Uncovering why people with PHTS have such varied symptoms

Professor Nick Leslie’s team at Heriot-Watt University are mapping different types of PTEN mutations to the physical symptoms that occur in PHTS.

Key Facts

Lead researcher: Nick Leslie

Institution: Heriot-Watt University, Edinburgh

Duration: 2 years

Type of research: Preclinical

Progress: Complete 

Why is the research needed?

The PTEN gene is found in almost every cell in our body. It provides our cells with a set of instructions to make a protein that has several important functions (See ‘What is PHTS?’). When the PTEN gene is altered, as it is in PHTS, the proteins are made incorrectly and aren’t able to carry out their jobs as well as they should. There are many ways that the PTEN gene can be altered, or ‘mutated’, and this may result in different physical symptoms.

One challenge is that we don’t yet know what the consequences are of the different mutations. Professor Leslie and his team want to change that – they are trying to work out why a particular PTEN mutation results in a particular set of physical symptoms. If they can work that out, one day doctors will be able to tell people what type of mutation they carry and what physical symptoms they are more likely to develop as they get older. When treatments become available, they will be able to pick the most appropriate treatment for that person’s particular mutation.

  • We have been scratching the surface for a while, but it is only in the last few years that we have begun to get more confident in our ideas linking mutations to the types of symptoms that a person demonstrates over their life.

    Professor Nick Leslie

What does the research consist of?

If a doctor sees someone with a set of symptoms that are associated with PHTS, they might suggest that they have a genetic test to see if they do indeed carry an altered PTEN gene (see ‘Gene testing for PHTS’). If they do, Professor Leslie’s team can analyse their particular type of PTEN mutation to see what impact it has on the cell. They are particularly interested in understanding why some mutations make the PTEN protein unstable and short-lived. To find out, the team can do chemical tests on the protein or put the gene into a culture of human cells and watch what happens.

This allows the team to trace the effect that the person’s specific type of PTEN mutation has on their cells and see what physical symptoms it produces. By collecting this data from lots of people with PHTS, the team can look for links between specific mutations, their impact on cells and physical symptoms.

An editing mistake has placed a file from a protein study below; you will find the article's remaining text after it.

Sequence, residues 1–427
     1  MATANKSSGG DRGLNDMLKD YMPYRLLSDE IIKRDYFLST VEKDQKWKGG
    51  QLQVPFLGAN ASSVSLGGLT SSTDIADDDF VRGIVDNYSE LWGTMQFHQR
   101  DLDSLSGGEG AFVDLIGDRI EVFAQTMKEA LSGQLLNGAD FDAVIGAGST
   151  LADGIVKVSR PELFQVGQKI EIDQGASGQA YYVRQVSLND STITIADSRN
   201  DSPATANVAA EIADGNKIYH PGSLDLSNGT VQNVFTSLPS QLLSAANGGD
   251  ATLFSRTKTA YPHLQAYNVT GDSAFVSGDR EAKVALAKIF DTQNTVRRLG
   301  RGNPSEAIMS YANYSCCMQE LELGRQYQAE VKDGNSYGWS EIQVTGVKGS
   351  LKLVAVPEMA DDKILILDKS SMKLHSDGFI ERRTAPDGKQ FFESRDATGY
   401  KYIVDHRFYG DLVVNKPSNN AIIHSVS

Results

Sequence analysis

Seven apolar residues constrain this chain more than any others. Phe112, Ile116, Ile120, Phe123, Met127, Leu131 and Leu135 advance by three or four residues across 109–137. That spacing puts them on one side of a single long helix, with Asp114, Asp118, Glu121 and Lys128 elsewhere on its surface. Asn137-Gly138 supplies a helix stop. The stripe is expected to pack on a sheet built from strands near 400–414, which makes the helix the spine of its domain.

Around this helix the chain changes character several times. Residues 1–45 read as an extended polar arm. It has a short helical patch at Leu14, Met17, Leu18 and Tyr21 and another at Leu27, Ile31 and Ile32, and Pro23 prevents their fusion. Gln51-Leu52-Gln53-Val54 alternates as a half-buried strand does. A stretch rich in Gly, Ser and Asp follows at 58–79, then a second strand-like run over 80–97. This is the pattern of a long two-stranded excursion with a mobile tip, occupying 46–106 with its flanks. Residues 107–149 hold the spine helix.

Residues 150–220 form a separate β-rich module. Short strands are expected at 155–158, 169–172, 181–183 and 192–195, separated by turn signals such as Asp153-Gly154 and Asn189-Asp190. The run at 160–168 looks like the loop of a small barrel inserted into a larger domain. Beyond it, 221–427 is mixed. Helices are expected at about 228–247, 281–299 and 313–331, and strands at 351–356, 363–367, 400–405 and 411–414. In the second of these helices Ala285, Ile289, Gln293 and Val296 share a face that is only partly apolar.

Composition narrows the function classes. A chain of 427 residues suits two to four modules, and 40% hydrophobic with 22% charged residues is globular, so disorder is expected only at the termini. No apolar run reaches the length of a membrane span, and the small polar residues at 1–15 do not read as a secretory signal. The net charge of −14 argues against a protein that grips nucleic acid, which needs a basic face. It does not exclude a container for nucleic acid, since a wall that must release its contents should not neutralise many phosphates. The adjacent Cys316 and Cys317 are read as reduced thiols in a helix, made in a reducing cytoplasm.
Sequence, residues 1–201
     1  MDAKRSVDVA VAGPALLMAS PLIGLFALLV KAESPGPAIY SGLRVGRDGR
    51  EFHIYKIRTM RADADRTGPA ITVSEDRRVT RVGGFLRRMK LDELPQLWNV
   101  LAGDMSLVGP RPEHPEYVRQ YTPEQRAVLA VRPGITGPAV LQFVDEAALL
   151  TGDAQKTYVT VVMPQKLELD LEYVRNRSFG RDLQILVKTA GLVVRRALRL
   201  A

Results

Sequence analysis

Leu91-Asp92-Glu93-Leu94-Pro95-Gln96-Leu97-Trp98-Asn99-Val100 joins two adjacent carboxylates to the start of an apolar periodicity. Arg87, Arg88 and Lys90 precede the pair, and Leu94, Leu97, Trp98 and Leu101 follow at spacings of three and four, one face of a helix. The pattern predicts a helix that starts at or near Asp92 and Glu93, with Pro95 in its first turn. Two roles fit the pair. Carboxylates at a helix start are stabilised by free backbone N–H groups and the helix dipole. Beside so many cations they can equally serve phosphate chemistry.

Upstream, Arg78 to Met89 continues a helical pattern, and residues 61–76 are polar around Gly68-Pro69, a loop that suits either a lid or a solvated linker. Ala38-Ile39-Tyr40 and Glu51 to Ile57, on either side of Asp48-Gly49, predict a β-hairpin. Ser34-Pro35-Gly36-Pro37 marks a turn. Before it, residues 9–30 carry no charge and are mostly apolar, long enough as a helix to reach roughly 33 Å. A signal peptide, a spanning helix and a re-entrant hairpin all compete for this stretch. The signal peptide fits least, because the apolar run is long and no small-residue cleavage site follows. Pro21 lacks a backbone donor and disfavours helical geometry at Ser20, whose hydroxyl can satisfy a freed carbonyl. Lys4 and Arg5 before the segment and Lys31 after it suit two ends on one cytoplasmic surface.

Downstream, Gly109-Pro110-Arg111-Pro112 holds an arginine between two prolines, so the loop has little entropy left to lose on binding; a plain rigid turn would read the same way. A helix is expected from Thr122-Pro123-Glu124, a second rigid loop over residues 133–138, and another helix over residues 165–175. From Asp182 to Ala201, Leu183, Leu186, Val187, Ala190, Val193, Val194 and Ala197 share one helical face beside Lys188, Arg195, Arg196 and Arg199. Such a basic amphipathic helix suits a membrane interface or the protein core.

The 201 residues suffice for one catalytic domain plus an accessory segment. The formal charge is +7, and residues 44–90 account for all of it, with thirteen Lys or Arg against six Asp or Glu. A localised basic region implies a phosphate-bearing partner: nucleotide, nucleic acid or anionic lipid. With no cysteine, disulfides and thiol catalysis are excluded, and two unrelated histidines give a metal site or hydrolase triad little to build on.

What will the research enable us to do next?

In 3 to 4 years, Professor Leslie hopes that nearly every possible PTEN mutation will have been mapped and logged in a database, and doctors will be able to provide patients with at least some information about what to expect with their particular mutation. This is no easy feat. There are nearly 10,000 different ways the gene could be altered, and that is just counting the simple alterations.

Mapping the consequences of the different PTEN mutations will also contribute to our basic understanding of PHTS and help answer questions such as why the disease occurs, and how tumour cells are able to evade our immune system. Eventually, this greater understanding of the basic principles of PHTS should help design better drugs to treat the symptoms of PHTS or prevent them occurring in the first place.

  • A really important finding was that PTEN mutations that come from people with autism spectrum disorders are often partially active but unstable. This means that the proteins they produce can do some of the things they are meant to but they don’t stick around long enough to do them properly. Mutations from people who have developed a lot of cancerous tumours tend to produce proteins that don’t function at all. This difference gives us clues about other experiments we can do to further our understanding. Can we develop new drugs to make the partially active proteins more stable, for example, and would this help people with autism characteristics linked to PTEN?

    Professor Nick Leslie

Prof-Leslie.png Image

About Professor Leslie

Professor Leslie became interested in the PTEN gene when he joined a team at Dundee University that had just discovered the key enzymatic function of PTEN. He moved to Heriot-Watt in 2013 where he heads up the Inositol Lipid Signalling Lab.

Sign up for our newsletter